Smirnov, L.A., Arzamastsev, E.I. and Babenko, A.A. (2003). The current state and prospects of providing domestic industry with manganese and chromium and rational ways of their use in steelmaking in Proceedings of the Seventh Congress of Steelmakers. Moscow: Chermetinformation.


Bykhovsky, L.Z. and Tigunov, L.P. (2007). About the mineral resource base of metals for the ferroalloys production in Russia. Steel, № 1, pp. 42-45.


Vorobiev, V.P. and Vozhennikov, S.G. (2009). Evaluation of the prospects for the use of imported highly basic manganese ores in Russia. Steel, № 7, pp. 38-40.


Lyakishev, N.P., Pliner, Yu.L. and Lappo S.I. (1986). Steels and alloys with boron. Moscow: Metallurgy.


Goldstein, Ya.E. and Mizin, V.G. (1986). Modification and microalloying of iron and steel. Moscow: Metallurgy.


Pilyushenko, V.L. and Vikhlevshchuk, V.A. (2000). Scientific and technological foundations of microalloying of steel. Moscow: Metallurgy.


Golubtsov, V.A. and Lunev, V.V. (2009). Steel modification for castings and ingots. Chelyabinsk-Zaporozhye: ZNSU.


Babenko, A.A., Zhuchkov, V.I., Smirnov, L.A. et al. (2015). Research and development of an integrated technology for the production of low carbon steel with boron and low sulfur content. Steel, № 11, pp. 48-50.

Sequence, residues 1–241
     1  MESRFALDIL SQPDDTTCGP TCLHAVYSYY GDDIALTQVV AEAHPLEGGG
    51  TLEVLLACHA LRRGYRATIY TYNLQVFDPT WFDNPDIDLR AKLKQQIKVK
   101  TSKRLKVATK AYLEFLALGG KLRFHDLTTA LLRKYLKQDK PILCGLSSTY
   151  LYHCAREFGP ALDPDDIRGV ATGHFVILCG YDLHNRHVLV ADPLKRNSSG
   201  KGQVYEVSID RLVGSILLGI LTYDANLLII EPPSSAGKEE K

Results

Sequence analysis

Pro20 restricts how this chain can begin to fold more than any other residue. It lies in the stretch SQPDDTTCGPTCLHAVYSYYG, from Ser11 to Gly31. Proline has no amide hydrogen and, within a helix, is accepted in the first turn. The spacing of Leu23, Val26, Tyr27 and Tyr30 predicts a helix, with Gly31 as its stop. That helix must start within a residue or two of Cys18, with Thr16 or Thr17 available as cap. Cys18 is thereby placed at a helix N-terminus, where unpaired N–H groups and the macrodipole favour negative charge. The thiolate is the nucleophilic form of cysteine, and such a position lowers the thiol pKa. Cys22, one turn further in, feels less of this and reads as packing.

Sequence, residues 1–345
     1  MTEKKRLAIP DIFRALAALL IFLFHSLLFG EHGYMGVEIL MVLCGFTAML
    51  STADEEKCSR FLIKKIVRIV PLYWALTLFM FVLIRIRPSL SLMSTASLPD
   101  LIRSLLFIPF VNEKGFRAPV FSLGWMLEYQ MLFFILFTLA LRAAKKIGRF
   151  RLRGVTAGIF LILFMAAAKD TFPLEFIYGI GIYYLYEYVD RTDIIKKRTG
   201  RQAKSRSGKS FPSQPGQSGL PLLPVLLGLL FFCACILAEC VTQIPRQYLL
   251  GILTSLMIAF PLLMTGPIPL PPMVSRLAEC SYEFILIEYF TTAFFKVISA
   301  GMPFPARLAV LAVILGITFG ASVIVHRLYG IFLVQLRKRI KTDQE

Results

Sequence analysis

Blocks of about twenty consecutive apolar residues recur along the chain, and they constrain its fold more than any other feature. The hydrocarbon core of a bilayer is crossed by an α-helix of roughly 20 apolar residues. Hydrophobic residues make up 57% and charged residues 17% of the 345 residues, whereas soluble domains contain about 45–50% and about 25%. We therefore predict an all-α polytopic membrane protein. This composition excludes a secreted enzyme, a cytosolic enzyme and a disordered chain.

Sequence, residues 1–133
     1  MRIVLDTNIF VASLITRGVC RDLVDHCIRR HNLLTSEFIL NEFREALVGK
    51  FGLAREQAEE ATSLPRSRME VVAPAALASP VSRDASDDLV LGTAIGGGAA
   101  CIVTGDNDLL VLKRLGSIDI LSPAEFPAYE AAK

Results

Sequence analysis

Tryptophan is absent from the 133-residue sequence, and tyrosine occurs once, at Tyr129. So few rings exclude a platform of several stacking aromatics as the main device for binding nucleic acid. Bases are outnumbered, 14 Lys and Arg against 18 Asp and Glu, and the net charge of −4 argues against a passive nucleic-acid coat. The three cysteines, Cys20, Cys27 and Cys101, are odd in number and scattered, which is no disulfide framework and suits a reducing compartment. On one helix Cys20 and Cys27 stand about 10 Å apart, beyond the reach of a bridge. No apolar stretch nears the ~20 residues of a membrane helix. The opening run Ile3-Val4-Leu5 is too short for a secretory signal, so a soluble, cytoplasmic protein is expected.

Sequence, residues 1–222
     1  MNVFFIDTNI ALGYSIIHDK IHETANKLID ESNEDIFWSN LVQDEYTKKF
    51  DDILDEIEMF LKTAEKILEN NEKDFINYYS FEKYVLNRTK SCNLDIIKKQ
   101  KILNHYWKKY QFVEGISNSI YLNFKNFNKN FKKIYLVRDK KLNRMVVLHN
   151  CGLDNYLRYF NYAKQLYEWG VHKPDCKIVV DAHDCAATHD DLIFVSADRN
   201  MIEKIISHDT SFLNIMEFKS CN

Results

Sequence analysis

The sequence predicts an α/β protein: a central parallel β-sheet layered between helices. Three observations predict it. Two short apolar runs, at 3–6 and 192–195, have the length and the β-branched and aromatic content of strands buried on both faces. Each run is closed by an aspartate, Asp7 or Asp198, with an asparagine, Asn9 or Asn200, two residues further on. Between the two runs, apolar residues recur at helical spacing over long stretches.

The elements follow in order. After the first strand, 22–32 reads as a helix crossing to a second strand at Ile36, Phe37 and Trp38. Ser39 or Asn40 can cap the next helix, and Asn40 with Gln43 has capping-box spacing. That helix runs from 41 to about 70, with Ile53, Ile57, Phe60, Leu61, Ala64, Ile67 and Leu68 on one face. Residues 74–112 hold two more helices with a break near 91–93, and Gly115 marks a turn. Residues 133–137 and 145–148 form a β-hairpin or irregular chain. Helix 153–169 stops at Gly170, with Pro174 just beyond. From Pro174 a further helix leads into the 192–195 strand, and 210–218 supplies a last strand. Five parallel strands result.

Kovalchuk, G.Z. and Yarmosh, V.N. (1988). Effect of boron microadditives on structural transformations and properties of low-manganese steels. Metallurgical Science and Heat Treatment of Metals, № 7, pp. 9 - 12.


Krivko, E.M., Chub P.I. and Konovalov R.P. (1984). Rimmed steel microalloying with boron during its reduction from oxides in Casting steel into molds: scientific works proceedings. USSR MFM. Moscow: Metallurgy.


Babenko, A.A., Zhuchkov, V.I., Smirnov, L.A. et al. (2016). Using the method of simplex lattices for constructing composition-viscosity diagrams of slags of the system CaO – SiO 2 – Al 2 O 3 – MgO – B 2 O 3 . Butlerov Communications, vol. 48, № 11, pp. 40-44.


Upolovnikova, A.G. and Babenko, A.A. (2016). Thermodynamic modeling of boron recovery processes from boron-containing slags. Butlerov Communications, vol.48, № 10, pp. 114-118.


Patent RU 2562849, publ. 10 September 2015. Authors: Babenko, A.A., Zhuchkov, V.I., Selivanov, E.N. et al. Slag mixture for steel processing in a ladle.



  • Downloads 5
  • Views 27



ISSN: 2519-1438